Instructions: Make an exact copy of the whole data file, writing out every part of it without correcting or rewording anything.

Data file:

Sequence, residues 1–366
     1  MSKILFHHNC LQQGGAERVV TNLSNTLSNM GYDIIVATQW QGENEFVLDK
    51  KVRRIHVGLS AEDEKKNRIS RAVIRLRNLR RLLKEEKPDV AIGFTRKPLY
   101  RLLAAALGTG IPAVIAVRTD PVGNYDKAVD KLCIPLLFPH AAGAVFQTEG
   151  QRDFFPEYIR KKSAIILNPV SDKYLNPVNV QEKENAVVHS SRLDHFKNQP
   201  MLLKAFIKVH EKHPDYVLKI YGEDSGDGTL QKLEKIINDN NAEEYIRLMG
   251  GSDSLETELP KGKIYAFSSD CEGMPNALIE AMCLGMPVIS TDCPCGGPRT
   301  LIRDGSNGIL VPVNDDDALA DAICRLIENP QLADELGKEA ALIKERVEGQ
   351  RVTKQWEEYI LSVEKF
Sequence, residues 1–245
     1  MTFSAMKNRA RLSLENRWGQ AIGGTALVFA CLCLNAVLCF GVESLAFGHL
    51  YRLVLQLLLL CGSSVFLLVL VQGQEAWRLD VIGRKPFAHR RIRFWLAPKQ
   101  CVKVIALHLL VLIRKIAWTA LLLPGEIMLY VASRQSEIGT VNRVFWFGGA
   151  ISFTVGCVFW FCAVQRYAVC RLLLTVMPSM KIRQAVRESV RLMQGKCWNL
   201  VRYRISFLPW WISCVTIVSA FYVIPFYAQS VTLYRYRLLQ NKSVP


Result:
Sequence, residues 1–366
     1  MSKILFHHNC LQQGGAERVV TNLSNTLSNM GYDIIVATQW QGENEFVLDK
    51  KVRRIHVGLS AEDEKKNRIS RAVIRLRNLR RLLKEEKPDV AIGFTRKPLY
   101  RLLAAALGTG IPAVIAVRTD PVGNYDKAVD KLCIPLLFPH AAGAVFQTEG
   151  QRDFFPEYIR KKSAIILNPV SDKYLNPVNV QEKENAVVHS SRLDHFKNQP
   201  MLLKAFIKVH EKHPDYVLKI YGEDSGDGTL QKLEKIINDN NAEEYIRLMG
   251  GSDSLETELP KGKIYAFSSD CEGMPNALIE AMCLGMPVIS TDCPCGGPRT
   301  LIRDGSNGIL VPVNDDDALA DAICRLIENP QLADELGKEA ALIKERVEGQ
   351  RVTKQWEEYI LSVEKF
Sequence, residues 1–245
     1  MTFSAMKNRA RLSLENRWGQ AIGGTALVFA CLCLNAVLCF GVESLAFGHL
    51  YRLVLQLLLL CGSSVFLLVL VQGQEAWRLD VIGRKPFAHR RIRFWLAPKQ
   101  CVKVIALHLL VLIRKIAWTA LLLPGEIMLY VASRQSEIGT VNRVFWFGGA
   151  ISFTVGCVFW FCAVQRYAVC RLLLTVMPSM KIRQAVRESV RLMQGKCWNL
   201  VRYRISFLPW WISCVTIVSA FYVIPFYAQS VTLYRYRLLQ NKSVP